“Human Beings, like plants, grow in the soil of acceptance, not in the atmosphere of rejection.” – John Powell
There is something so inspiring about going to a nursery. My local favorite, Rolling Greens, has a location near my studio that is nothing short of breathtaking. I had always gone there for orchids (a monthly staple in my house), or to find beautiful things to plant outside. On a recent trip I ventured to an area of the property I had never explored. I was happily surprised to see row after row of succulents. Growing up in California, I always saw ice plants lining the highway because they are drought resistant and never gave them a second thought.
Seeing how many species of succulents there are gave me a new appreciation for these fatty leaved, water holding plants. I wanted to find a great home for them instead of just lining a property. Pictured above is a 150 year old urn I found and planted for a client’s front door entry. Shown species : Aeonium, Mexican Snowball, Echevaria Black Prince and Trailing Senecios
Vintage vessels are an unexpected way to hold succulents. Echeverias and Hen and Chicks are the tiny succulents planted in this milk glass compote. We topped it off with some recycled glass and a chunk of natural turquoise.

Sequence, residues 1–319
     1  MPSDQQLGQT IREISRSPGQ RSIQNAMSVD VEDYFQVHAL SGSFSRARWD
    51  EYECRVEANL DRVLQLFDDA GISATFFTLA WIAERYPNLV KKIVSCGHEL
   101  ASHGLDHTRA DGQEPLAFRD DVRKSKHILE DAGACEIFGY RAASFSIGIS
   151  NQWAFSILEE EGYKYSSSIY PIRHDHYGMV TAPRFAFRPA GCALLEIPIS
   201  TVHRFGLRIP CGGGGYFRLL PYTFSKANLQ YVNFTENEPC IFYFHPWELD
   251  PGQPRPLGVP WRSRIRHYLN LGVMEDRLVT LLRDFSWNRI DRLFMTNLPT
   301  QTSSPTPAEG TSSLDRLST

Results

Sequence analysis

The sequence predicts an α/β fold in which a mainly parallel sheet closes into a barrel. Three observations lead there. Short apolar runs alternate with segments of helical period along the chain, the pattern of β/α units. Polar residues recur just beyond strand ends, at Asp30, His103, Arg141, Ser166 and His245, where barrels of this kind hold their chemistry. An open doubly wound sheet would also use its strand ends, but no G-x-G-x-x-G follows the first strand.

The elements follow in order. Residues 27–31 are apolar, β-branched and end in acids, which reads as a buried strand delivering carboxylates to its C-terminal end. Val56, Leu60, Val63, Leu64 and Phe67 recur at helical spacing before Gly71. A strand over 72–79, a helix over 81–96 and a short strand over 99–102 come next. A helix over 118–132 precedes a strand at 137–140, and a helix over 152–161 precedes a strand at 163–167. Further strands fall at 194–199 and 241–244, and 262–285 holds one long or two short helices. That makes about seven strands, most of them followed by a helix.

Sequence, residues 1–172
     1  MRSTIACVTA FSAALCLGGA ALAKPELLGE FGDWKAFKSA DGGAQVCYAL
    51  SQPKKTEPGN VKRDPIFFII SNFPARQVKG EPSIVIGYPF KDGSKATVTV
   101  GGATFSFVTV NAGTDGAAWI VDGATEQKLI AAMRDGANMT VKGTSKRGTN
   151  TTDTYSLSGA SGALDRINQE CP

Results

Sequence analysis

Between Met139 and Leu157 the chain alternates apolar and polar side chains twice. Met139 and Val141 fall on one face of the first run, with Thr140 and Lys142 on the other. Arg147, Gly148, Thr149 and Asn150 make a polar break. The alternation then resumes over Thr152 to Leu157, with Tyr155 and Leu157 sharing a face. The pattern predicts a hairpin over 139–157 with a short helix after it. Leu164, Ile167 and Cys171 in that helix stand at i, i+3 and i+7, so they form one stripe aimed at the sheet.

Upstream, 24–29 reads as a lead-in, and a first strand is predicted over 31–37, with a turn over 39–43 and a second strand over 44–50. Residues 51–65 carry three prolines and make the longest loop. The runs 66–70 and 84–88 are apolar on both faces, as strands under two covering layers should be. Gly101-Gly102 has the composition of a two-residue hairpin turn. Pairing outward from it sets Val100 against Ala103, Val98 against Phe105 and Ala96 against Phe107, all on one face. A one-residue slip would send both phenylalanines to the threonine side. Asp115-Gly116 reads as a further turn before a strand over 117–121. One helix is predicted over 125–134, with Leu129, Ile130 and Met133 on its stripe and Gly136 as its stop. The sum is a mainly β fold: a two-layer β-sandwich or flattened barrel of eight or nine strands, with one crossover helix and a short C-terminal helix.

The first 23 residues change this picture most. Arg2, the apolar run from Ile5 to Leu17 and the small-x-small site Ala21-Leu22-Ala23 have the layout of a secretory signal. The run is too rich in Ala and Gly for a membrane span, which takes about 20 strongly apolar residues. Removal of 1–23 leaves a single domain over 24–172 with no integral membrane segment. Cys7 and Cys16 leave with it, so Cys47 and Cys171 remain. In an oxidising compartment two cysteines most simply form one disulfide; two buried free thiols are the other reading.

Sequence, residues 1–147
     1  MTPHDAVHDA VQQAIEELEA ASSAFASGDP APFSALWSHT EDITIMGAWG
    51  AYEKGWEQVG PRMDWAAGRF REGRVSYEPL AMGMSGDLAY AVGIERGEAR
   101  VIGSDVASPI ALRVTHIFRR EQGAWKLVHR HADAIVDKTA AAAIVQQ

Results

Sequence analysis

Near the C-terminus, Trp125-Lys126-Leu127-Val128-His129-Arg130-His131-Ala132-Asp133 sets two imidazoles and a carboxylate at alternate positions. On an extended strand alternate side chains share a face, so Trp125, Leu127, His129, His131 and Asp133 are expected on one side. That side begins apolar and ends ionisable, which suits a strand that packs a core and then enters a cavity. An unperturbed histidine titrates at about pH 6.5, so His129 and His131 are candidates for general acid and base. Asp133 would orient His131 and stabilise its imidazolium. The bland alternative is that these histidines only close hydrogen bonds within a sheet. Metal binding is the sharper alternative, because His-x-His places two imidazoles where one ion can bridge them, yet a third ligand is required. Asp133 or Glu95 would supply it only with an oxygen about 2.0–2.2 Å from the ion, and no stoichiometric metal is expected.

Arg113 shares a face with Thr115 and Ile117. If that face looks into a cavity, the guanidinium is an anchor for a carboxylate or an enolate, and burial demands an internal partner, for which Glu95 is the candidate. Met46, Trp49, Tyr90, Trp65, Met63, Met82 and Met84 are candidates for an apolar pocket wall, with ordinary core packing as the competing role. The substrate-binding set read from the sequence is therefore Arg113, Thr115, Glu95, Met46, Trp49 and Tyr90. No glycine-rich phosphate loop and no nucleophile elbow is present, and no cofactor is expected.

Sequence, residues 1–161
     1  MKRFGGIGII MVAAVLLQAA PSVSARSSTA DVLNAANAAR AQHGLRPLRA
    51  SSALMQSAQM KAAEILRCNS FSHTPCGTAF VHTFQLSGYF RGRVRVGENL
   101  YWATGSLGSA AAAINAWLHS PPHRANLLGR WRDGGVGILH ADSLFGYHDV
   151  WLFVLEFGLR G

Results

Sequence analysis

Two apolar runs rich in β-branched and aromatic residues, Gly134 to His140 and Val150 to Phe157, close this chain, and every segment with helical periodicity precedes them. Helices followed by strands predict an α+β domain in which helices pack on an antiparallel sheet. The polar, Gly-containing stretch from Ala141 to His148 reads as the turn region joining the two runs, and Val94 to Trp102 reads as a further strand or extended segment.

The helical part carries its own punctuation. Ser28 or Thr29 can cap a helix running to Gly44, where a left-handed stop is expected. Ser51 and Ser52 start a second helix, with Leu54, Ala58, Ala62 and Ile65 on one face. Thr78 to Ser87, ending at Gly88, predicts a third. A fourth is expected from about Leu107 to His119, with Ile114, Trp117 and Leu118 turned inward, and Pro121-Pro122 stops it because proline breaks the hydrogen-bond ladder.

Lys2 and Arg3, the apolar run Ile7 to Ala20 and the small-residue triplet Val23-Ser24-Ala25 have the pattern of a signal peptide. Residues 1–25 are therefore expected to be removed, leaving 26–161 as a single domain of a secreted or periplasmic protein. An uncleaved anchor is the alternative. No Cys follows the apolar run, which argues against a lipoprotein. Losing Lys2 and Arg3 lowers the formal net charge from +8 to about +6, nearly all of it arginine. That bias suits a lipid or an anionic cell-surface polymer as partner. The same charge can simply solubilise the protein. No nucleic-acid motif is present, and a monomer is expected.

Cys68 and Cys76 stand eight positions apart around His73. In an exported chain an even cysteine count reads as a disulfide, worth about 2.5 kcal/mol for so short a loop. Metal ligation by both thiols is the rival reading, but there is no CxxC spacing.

A touch of the ocean is created with coral, and conch and turbo shells planted with Donkey’s Tail and Echeverias. We set them on top of a vintage silver charger covered with crushed abalone shells.
Tillandsia, also known as “air plants,” are a part of the succulent family. Found in the swamps of Florida and the jungles of Costa Rica, these grown off of trees and do not require soil as they do not root themselves. Talk about low maintenance! These babies merely require a light misting twice a week to keep them fresh. Throw one on top of a glass urn of shells and you have an instant arrangement that requires virtually no effort. That’s my kind of house plant.
I have been wanting to add some flora to the outside of my studio for a long time and just couldn’t find the right planters. While scouting a Southern Antique Market, I stumbled across two faux bois troughs and grabbed them immediately. The front of our Motor Avenue location is now brimming with Sedum Adolphi, Crassula Perforata, and Echeveria Morning Light. We can’t wait to see them fill in!
Succulents are not only interesting to look at, but the perfect plant for dry, desert climates. I even added them to my front porch as we decided to plant our yard with local, sustainable, native foliage so we could enjoy their splendor year round. Happy Planting!